This post started as random thoughts about pacifism, and the war at home over the wars abroad. Everyone knows the liberal view about the illegality, waste or stupidity of the missions in Iraq and Afghanistan. The paleo-conservative view contains some of these ideas and a strain of isolationism. We know the standard conservative view.
Buried in the politics is something else - doctrinaire or convenient or ideological pacifism - or just the decadent unwillingness to fight for liberties that seem self-evident and self-generating to millions of people. I want to know what Nickie's readers think. The subject covers a lot of ground, from the two-legged jackal yapping at the man or woman in uniform, on up to the philosophical summit of Gandhi.
Gandhi is a special case, but he teaches the class. His satyagraha, or "firmness in the truth" (widely thought of as passive resistance) was combat without violence. It wasn't the limp sogginess of passivity, because Gandhi was fighting for something; it mattered which side won. He fought against the British Raj at great risk to himself. Within his campaign for Indian independence was also the calculation that violence against him or his followers would highlight his moral cause.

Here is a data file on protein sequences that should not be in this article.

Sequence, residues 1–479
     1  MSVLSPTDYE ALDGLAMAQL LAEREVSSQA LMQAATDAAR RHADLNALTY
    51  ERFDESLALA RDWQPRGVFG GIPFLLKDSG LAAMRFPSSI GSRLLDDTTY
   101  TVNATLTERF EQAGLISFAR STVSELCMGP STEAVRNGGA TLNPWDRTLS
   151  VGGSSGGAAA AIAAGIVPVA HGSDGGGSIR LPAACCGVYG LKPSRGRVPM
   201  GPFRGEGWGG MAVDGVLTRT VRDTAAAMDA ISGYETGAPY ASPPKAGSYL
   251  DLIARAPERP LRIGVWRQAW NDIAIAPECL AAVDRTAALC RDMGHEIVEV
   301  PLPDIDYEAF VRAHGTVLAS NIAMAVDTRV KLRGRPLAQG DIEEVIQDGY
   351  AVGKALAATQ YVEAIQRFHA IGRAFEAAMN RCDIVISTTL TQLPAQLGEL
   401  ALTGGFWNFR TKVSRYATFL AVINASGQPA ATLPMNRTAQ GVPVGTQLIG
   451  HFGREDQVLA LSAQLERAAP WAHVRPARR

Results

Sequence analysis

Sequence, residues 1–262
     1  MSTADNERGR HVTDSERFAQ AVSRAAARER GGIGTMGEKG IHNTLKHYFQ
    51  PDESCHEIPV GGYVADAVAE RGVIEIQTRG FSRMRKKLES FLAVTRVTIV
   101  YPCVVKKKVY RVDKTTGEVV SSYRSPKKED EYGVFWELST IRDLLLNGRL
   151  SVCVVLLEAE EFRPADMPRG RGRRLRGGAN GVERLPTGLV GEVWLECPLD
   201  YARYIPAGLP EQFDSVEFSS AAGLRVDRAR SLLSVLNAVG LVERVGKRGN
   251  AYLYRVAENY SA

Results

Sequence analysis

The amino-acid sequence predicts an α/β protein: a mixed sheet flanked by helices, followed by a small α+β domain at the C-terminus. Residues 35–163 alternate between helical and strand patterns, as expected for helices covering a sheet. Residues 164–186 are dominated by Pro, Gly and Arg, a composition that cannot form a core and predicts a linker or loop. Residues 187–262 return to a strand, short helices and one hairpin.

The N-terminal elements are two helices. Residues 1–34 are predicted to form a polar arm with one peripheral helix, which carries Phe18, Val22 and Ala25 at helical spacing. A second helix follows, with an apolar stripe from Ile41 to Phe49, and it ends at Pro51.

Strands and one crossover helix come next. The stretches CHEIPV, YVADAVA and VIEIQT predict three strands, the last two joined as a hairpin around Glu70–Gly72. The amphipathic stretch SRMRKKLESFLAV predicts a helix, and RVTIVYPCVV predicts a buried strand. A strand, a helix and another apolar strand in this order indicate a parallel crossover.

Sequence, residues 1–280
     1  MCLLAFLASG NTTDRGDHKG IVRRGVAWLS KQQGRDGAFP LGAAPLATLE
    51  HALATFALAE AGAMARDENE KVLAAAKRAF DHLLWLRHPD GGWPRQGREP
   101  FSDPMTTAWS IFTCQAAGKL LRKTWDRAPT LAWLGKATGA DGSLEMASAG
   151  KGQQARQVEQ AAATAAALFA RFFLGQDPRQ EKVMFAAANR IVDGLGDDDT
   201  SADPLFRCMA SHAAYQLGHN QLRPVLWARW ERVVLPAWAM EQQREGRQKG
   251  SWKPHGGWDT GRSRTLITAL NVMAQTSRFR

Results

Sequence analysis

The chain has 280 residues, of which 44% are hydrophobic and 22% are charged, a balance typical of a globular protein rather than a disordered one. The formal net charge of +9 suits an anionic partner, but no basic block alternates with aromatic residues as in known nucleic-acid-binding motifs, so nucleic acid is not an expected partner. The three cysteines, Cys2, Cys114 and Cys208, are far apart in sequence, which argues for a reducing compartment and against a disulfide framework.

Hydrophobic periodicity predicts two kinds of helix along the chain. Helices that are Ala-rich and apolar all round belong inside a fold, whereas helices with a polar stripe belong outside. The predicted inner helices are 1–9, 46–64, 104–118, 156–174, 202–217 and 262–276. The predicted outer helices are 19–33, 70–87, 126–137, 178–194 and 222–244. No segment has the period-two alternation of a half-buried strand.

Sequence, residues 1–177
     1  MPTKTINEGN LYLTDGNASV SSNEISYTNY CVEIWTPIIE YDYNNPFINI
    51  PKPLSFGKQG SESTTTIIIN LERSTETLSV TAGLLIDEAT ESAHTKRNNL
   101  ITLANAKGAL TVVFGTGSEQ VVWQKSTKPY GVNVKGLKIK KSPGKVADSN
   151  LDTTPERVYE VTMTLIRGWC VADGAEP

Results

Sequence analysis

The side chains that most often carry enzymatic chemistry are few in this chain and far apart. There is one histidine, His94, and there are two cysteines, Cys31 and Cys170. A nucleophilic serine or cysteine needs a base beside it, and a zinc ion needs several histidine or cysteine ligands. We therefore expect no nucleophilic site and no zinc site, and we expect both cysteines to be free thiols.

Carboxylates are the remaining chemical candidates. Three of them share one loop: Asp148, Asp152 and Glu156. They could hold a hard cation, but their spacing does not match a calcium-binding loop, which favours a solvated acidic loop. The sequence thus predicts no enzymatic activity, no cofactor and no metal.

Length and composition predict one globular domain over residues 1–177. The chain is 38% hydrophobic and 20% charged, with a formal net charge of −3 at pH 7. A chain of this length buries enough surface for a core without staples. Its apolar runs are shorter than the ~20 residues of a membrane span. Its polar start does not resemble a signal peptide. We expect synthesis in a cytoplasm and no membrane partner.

He also endured terrible condemnation for his misunderstood 1938 essay, where it could be inferred that he proposed that European Jews commit mass suicide rather than violently resist German anti-Semitism. Orwell was partly responsible for this interpretation, and the story is more complicated than can be told here. The point is, pacifism, non-violence, anti-war-ism involves risk and an unyielding moral strategy. If it's to be taken seriously, neutraility about winners and losers, and old saws about violence never solving anything, are not sufficient. Whether or not you have to fight, you should have a philosophy about it.
Without checking this fact, I think we've had legal standards for Conscientious Objection since about the time of World War I. For most young men this only matters when there is active conscription. For every other man, for the conscientious consenter, the world isn't an easier place, it's a world as cold as frozen steel.
It's simply not true, as the moral prig would have it, that violence is the easy way. It's the hard way; there's nothing harder. In millions of unmarked and marked plots, and in the rusting shells of blue-water vessels on the sea floor, lie as many conscientious consenters as a wing of Heaven can hold. They came from everywhere, and every nation honors them not because its people love war, but because we grieve for a world which made their sacrifice necessary.
Can't we ask the man or woman who knows a better way to tell us what that is? The freak protest, the wail in the legislature or the pie in the face of a returning Marine? Is that the best they can do?